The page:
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PLoS One. 2011;6(10):e26009. doi: 10.1371/journal.pone.0026009. Epub 2011 Oct 17.

Survival outcomes and effect of early vs. deferred cART among HIV-infected patients diagnosed at the time of an AIDS-defining event: a cohort analysis.

Author information

1
Hospital Cliníc-IDIBAPS, University of Barcelona, Barcelona, Spain.

Abstract

OBJECTIVES:

We analyzed clinical progression among persons diagnosed with HIV at the time of an AIDS-defining event, and assessed the impact on outcome of timing of combined antiretroviral treatment (cART).

METHODS:

Retrospective, European and Canadian multicohort study.. Patients were diagnosed with HIV from 1997-2004 and had clinical AIDS from 30 days before to 14 days after diagnosis. Clinical progression (new AIDS event, death) was described using Kaplan-Meier analysis stratifying by type of AIDS event. Factors associated with progression were identified with multivariable Cox regression. Progression rates were compared between those starting early (<30 days after AIDS event) or deferred (30-270 days after AIDS event) cART.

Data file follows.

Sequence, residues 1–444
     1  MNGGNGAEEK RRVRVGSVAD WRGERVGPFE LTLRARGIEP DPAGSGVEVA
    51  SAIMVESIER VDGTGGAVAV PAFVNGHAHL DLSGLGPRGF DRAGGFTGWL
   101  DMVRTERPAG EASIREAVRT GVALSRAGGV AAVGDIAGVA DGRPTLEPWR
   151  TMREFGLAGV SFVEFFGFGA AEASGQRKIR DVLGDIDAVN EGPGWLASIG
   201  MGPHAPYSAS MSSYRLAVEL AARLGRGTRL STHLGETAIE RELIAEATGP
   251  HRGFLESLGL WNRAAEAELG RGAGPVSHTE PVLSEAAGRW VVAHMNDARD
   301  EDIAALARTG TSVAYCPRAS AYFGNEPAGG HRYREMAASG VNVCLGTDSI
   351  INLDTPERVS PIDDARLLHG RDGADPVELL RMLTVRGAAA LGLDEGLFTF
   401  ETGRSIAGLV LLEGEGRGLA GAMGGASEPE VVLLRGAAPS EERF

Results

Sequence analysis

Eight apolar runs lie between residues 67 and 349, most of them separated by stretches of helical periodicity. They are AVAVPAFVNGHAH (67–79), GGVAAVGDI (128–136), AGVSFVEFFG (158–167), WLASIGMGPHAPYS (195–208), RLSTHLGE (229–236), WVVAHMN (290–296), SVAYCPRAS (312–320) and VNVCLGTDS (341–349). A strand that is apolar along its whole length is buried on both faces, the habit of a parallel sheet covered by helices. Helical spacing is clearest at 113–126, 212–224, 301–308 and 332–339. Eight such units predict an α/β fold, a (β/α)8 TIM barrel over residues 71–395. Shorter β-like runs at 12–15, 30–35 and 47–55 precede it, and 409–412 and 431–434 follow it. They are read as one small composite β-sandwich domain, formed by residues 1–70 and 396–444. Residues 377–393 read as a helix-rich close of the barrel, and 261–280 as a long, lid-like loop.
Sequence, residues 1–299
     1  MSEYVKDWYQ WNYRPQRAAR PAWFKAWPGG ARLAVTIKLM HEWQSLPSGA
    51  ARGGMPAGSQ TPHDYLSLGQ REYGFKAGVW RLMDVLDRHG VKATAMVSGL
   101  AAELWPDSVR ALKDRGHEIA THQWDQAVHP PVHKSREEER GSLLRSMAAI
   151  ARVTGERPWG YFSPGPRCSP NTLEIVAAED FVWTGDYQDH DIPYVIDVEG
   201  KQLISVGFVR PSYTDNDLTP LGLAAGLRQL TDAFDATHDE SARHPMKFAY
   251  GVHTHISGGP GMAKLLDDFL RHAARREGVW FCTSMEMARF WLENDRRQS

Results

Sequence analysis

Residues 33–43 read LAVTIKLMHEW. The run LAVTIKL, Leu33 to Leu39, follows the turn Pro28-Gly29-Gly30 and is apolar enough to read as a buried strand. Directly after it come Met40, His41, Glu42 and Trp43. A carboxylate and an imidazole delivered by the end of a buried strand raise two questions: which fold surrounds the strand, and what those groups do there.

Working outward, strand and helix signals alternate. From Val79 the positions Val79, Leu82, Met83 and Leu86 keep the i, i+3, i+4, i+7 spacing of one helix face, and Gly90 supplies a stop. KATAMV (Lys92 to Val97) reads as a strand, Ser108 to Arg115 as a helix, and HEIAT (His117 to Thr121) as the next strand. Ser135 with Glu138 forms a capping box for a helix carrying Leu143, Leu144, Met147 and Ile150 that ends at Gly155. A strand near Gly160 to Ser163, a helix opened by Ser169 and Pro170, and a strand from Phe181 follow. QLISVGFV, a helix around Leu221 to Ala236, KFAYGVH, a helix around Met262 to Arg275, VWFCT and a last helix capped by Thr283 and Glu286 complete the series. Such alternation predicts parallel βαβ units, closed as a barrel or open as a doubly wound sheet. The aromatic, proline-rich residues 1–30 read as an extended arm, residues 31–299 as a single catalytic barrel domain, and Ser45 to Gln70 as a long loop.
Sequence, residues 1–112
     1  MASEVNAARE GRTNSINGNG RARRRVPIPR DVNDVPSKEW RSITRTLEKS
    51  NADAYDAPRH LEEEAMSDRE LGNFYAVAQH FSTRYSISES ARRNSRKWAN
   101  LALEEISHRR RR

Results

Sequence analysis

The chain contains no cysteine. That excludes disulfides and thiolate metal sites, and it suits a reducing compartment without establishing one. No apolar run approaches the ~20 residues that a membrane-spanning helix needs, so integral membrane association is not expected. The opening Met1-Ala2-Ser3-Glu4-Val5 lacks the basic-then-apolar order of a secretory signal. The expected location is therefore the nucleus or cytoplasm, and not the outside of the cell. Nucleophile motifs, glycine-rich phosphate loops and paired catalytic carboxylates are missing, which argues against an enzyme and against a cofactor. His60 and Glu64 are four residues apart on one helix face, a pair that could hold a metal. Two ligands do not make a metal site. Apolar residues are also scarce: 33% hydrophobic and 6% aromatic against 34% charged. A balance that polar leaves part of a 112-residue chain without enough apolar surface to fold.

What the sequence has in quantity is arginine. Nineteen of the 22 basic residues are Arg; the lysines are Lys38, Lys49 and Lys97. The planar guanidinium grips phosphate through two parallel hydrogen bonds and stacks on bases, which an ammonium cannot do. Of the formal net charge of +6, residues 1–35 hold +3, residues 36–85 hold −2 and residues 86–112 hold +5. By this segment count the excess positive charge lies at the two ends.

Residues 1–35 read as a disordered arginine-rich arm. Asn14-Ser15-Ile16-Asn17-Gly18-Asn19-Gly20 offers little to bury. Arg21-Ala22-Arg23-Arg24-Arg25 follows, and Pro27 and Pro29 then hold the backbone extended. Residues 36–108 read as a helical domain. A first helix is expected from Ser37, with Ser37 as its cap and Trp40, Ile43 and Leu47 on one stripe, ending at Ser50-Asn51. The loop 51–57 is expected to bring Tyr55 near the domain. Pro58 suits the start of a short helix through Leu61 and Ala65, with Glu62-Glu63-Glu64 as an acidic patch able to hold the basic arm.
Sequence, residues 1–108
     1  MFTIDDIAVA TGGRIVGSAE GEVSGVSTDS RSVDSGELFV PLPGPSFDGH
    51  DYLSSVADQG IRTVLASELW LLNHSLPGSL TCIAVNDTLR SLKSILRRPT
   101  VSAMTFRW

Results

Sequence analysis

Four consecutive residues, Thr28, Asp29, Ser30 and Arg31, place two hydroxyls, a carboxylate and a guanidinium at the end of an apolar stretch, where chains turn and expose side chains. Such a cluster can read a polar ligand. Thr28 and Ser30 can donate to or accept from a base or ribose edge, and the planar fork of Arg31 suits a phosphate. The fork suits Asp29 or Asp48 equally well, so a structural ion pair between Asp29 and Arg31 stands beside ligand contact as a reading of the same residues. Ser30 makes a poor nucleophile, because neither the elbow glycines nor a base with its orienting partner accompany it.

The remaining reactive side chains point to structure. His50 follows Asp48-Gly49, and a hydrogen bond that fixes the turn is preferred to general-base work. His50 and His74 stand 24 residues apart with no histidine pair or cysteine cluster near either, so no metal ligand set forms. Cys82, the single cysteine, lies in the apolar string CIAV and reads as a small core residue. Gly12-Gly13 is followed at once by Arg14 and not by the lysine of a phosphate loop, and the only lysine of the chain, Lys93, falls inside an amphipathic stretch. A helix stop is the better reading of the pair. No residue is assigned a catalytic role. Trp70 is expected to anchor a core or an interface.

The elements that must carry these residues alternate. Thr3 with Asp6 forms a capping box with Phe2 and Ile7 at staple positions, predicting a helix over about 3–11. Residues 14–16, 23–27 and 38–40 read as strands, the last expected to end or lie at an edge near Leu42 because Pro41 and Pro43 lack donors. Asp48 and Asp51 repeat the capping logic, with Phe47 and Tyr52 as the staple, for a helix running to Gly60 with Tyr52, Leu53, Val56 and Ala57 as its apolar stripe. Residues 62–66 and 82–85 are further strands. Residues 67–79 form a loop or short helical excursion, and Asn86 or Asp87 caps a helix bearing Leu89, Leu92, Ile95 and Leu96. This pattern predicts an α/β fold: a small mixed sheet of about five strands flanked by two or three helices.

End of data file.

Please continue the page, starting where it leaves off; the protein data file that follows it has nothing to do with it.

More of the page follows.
RESULTS:

The median (interquartile range) CD4 count and viral load (VL) at diagnosis of the 584 patients were 42 (16, 119) cells/µL and 5.2 (4.5, 5.7) log(10) copies/mL. Clinical progression was observed in 165 (28.3%) patients. Older age, a higher VL at diagnosis, and a diagnosis of non-Hodgkin lymphoma (NHL) (vs. other AIDS events) were independently associated with disease progression. Of 366 patients with an opportunistic infection, 178 (48.6%) received early cART. There was no significant difference in clinical progression between those initiating cART early and those deferring treatment (adjusted hazard ratio 1.32 [95% confidence interval 0.87, 2.00], p = 0.20).

CONCLUSIONS:

Older patients and patients with high VL or NHL at diagnosis had a worse outcome. Our data suggest that earlier initiation of cART may be beneficial among HIV-infected patients diagnosed with clinical AIDS in our setting.

PMID:
22043301
PMCID:
PMC3197144
DOI:
10.1371/journal.pone.0026009
[Indexed for MEDLINE]
Free PMC Article

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